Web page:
While out camping by the reservoir with her husband and two daughters, Montana resident Racquel Williams-Rausch experienced one of the most terrifying experiences of her entire life.
Racquel used to love thunderstorms and appreciated their incredible beauty. She even told NBC Montana:
“It’s so beautiful in western Montana to see these lightning storms,” she said. “They’re our favorites and we just didn’t think anything of it.”
Just outside of Missoula, Racquel and her husband were with her kids camping just off the edge of the water and their neighbors were with them, too.
After seeing the storm brewing overhead, she said something to her husband about it as the kids and their neighbor went to fetch their paddleboards from the reservoir.
“I asked him, ‘What do you think the likelihood of us getting struck by lightning is?’ And he said, ‘You know, it’s very little.'”
As the two kids came back with their paddleboard in two, Racquel raised her hand in the air to celebrate and was holding her metal cup – like many of us do when we are having fun and drinking out of a Yeti!
But that instant would change Racquel’s life from that point on.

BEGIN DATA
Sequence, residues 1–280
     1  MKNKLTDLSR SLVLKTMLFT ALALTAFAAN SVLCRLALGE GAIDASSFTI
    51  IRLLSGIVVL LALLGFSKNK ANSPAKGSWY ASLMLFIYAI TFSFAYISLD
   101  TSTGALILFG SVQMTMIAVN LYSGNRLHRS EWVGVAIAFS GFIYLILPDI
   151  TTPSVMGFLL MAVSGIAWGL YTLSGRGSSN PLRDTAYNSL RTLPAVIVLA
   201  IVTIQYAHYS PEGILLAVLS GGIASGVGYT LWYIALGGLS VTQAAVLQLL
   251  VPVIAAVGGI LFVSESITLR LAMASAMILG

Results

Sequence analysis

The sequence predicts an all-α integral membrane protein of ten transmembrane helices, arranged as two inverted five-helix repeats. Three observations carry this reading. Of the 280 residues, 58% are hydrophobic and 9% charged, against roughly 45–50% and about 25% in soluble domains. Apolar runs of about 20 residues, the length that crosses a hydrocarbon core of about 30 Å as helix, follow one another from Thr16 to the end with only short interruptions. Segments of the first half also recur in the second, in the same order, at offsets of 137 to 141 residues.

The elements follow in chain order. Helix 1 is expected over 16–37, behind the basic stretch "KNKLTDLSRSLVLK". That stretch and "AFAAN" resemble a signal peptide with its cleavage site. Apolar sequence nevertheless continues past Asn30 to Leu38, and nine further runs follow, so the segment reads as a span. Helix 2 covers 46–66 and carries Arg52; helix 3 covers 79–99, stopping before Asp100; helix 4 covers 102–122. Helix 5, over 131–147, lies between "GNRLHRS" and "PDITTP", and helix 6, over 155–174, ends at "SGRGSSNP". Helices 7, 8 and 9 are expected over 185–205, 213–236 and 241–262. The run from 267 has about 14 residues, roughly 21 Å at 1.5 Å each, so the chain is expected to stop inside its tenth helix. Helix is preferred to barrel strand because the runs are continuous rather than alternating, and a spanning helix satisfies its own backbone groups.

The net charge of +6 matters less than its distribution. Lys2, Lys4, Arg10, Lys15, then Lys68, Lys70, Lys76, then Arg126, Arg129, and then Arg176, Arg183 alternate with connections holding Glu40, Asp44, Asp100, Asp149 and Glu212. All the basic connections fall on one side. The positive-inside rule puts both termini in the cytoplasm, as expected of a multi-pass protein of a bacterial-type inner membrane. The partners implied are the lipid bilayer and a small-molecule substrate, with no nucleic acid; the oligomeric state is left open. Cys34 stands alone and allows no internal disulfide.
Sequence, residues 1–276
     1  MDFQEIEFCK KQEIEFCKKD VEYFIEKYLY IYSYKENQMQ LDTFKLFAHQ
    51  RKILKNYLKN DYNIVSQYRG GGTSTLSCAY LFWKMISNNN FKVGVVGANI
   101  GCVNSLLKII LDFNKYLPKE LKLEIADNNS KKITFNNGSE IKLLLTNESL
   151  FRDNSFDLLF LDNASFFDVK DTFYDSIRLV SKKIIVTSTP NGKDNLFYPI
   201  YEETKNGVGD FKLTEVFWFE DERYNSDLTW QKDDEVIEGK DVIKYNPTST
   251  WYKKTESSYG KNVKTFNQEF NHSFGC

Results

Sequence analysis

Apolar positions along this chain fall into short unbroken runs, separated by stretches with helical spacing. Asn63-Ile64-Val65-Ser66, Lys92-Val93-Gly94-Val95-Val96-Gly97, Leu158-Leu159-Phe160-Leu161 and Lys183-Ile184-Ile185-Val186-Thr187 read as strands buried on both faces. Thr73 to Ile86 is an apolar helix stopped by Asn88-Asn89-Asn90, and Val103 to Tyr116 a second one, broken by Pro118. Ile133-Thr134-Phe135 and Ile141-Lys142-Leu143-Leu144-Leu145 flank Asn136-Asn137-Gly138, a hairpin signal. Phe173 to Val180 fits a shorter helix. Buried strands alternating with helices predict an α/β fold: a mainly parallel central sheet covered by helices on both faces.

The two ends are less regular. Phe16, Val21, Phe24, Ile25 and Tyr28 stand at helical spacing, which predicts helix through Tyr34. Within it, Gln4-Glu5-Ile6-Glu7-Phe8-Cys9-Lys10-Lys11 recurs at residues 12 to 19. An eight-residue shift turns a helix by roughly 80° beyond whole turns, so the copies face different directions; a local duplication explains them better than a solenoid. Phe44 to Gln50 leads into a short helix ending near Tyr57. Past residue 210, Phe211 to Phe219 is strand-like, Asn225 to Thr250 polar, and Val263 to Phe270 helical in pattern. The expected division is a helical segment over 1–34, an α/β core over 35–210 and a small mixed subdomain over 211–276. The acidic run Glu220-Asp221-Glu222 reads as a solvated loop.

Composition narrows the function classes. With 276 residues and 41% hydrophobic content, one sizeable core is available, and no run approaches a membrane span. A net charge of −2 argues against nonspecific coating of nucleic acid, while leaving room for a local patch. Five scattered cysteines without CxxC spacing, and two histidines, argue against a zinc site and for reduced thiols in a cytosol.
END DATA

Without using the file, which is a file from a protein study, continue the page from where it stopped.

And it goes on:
At that very second, a lightning bolt shot down from the sky and made contact with Racquel’s metal tumbler – sending a huge amount of voltage through her body, and leaving her with a terrifying memory she cannot shake.
“All of a sudden I froze and couldn’t move my arm and it was like everything went this amber orange color,” Williams-Rausch recalls. “Immediately it just grabbed hold of me and kind of, like, shook me. I was like floating in the air and I could see myself floating in the air and all I could think was like, I’m going to die. And so in that moment I prayed to God, ‘Please don’t take me yet, my girls need me.'”
Immediately, the family called 911 and she was rushed to the closest hospital – then airlifted to Missoula for first and second-degree burns.
The odds of being hit by lightning are incredibly slim – just one in a million each year. But this was truly the perfect storm.
Luckily, Racquel lived to tell the story. Hear it straight from her in the video below.